Nikola Q4 Loss Dives 30.8% as R&D Costs Fall

Full-Year Loss Nears $1 Billion on Jump in Manufacturing Costs, Expenses
Nikola Tre BEV
Nikola Tre BEV. (Nikola Corp.)

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Losses at Class 8 vehicle manufacturer Nikola Corp. narrowed 30.8% year-over-year in the fourth quarter of 2023 as research and development costs plummeted and a charge on discontinued operations was not replicated.

Nikola posted a loss of $153.6 million, or 14 cents per diluted share, compared with a loss of $222.1 million, 26 cents, in the year-ago period, it said Feb. 22.

The company’s research and development costs totaled $39.9 million in the most recent quarter, compared with $66.1 million a year earlier.

Nikola did not take a loss from discontinued operations in Q4 after taking a $46.1 million hit in the same quarter in 2022.


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The company’s revenue more than doubled to $11.5 million in the most recent three months from $5.5 million in the same period in 2022.

However, Nikola only manufactured 42 trucks in Q4, less than a third of 133 trucks produced in the year-ago period.

As a result of the output level, each truck had a cash cost of $804,000 in Q4, Corporate Controller Brian De Hoog said during the company’s quarterly earnings call Feb. 22.

Nikola’s cause was not helped during the quarter by hydrogen fueling parts supply chain delays, CEO Steve Girsky added, noting during the question-and-answer session that the constraints were starting to be resolved.

Phoenix-based Nikola shipped 35 trucks in the most recent quarter, up 75% from 20 trucks in the same period a year earlier.

Nikola is only building hydrogen fuel cell electric trucks at present in Coolidge, Ariz., after halting manufacturing of battery-electric trucks in May.


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Serial production of the FCEV Tre semi began July 31.

Production and sales of battery-electric trucks is currently on hiatus as Nikola looks to repair, re-engineer and retrofit the vehicles’ batteries. The company issued a recall in August for all the BET tractors it had sold up to that point due to battery fires.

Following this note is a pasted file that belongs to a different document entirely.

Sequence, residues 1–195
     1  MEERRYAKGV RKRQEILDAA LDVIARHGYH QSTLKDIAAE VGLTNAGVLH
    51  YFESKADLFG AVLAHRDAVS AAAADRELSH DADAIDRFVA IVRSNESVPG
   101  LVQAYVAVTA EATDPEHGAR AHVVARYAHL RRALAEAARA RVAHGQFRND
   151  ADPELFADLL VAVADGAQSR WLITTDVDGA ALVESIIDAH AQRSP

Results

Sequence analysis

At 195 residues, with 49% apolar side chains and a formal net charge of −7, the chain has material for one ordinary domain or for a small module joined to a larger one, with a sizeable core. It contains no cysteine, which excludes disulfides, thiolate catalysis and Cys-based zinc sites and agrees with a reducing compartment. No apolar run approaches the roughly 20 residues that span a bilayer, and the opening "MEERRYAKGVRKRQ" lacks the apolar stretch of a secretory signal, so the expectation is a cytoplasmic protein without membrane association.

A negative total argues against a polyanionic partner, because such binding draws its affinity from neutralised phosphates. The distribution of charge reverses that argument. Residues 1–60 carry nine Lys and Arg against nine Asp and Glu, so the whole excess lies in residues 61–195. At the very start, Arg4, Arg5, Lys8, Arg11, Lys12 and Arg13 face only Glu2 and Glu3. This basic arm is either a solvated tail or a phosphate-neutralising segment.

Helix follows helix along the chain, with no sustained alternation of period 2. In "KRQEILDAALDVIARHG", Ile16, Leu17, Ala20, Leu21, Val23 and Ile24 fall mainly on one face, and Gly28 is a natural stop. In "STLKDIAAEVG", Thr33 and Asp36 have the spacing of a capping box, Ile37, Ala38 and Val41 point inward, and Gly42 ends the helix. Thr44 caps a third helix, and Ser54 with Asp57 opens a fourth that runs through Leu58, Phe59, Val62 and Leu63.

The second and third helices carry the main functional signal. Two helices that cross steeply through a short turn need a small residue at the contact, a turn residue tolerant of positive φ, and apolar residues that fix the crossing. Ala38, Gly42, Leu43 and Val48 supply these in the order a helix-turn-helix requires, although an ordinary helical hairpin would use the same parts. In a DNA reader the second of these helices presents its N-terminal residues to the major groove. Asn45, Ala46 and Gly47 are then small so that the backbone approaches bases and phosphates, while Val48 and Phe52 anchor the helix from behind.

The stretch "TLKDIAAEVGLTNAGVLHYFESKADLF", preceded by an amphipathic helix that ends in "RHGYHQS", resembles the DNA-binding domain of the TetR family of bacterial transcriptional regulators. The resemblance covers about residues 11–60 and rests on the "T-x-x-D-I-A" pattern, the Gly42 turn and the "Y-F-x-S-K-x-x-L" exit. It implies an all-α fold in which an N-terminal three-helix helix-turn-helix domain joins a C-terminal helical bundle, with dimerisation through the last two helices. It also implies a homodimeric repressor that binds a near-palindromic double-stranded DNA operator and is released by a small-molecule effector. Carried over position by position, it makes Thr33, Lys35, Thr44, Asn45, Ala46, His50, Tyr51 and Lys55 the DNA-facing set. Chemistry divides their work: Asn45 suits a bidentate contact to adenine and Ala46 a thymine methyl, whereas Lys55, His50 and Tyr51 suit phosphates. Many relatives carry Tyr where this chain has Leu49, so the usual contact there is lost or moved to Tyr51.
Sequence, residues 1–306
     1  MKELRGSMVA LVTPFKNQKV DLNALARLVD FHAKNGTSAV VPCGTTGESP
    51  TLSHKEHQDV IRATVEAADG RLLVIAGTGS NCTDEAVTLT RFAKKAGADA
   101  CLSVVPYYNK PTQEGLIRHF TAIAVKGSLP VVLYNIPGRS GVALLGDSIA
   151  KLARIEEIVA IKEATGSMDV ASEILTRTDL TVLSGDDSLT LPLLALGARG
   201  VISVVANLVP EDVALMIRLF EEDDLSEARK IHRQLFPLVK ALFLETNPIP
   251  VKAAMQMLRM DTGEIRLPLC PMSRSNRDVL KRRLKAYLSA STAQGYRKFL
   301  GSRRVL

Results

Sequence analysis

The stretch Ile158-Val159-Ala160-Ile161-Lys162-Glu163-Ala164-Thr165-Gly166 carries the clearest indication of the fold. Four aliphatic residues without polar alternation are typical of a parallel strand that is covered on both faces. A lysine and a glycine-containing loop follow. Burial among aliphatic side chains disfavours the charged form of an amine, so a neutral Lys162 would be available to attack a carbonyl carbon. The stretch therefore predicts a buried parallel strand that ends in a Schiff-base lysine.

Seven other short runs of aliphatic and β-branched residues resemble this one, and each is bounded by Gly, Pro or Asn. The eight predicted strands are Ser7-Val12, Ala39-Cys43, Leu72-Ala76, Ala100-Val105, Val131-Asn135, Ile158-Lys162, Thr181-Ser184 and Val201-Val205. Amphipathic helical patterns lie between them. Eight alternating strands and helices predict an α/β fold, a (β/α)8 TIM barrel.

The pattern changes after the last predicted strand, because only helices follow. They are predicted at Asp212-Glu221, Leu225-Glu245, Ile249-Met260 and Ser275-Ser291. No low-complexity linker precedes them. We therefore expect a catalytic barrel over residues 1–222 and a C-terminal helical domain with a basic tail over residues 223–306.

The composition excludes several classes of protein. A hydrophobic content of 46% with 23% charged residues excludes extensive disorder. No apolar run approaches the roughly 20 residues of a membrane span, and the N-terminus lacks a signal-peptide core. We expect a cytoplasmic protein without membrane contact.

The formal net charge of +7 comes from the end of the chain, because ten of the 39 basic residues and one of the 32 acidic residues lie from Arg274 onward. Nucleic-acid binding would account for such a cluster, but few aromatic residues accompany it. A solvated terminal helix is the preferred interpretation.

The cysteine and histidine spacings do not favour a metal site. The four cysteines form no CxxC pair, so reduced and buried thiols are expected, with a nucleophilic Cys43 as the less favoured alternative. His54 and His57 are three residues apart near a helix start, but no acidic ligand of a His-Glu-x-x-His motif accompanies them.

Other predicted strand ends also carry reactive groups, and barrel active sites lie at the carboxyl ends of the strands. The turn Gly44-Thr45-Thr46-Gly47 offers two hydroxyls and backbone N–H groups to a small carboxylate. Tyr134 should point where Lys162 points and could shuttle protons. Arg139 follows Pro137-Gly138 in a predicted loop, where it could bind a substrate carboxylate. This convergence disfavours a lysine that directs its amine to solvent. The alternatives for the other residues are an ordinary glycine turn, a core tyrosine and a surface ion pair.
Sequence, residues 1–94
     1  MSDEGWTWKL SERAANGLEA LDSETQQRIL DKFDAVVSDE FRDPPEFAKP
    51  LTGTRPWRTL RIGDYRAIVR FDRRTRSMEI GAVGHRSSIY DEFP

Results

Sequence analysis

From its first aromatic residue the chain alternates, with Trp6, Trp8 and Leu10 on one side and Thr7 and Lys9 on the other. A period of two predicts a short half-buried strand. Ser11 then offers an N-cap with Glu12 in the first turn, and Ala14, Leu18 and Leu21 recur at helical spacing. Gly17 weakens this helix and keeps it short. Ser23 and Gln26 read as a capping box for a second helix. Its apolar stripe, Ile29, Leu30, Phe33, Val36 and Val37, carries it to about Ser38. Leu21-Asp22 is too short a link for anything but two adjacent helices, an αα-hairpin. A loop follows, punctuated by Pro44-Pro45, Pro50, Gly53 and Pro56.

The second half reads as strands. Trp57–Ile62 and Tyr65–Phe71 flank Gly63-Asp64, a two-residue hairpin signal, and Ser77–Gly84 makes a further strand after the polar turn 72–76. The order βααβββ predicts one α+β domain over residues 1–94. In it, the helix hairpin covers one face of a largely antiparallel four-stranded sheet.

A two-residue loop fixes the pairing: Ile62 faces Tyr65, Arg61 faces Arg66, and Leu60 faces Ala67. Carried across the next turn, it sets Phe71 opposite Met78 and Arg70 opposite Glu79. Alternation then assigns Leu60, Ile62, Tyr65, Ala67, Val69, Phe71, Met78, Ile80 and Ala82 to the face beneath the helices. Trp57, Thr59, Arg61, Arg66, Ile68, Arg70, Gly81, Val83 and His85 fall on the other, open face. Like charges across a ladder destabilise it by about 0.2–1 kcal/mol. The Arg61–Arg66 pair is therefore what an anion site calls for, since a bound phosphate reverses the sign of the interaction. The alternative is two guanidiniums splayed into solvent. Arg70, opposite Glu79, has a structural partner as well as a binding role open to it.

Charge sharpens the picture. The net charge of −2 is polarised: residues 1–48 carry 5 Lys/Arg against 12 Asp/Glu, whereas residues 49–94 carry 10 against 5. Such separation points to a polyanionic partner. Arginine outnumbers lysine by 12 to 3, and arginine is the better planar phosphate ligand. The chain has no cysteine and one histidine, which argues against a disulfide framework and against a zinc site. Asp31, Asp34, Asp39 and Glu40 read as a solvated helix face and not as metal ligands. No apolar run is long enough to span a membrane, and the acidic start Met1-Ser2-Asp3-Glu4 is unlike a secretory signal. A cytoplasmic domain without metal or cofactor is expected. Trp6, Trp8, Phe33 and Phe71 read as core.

The company said Feb. 22 it remained on track to get the first recalled BETs back in customers’ hands by the end of March.

During the call, Girsky said Nikola intended to return all BETs to customers by late in the second quarter. The retrofitted trucks are undergoing testing.

Girsky said customers will receive “BEV 2.0,” which he promised would be lighter and have improved charging capabilities. “We are committed to the battery-electric platform,” he said.

While the company continues to lose money, a finance team now led on an interim basis by Girsky — after Chief Financial Officer Anastasiya Pasterick departed Dec. 1 — raised $230.3 million in funding in Q4, leaving the company’s year-end cash on hand at $464.7 million, the highest balance since Q4 2021.

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The company is in talks with a potential new CFO, Girsky said during the call.

Nikola posted a loss of $996.3 million in 2023, compared with a $784.2 million loss in 2022.

Around $101.7 million of that was a loss on discontinued operations. Nikola began liquidating its Romeo Power subsidiary in July after paying $144 million for the battery manufacturer less than 12 months earlier.

Class 4-6 truck manufacturer Mullen Automotive on Sept. 11 bought Romeo’s battery production assets for $3.5 million.

The cost of producing trucks soared. Nikola’s manufacturing costs in 2023 jumped to $242.5 million from $132.6 million in 2022.

Nikola produced 138 trucks in 2023, compared with 258 a year earlier.

Looking forward, Nikola expects truck deliveries in a range of 400-450 semis this year, said De Hoog, adding that 100 would be BETs. He clarified that the BET delivery forecast did not include the recalled trucks.

The coming year would be all about optimizing revenues and costs as well as scaling the business, Girsky said.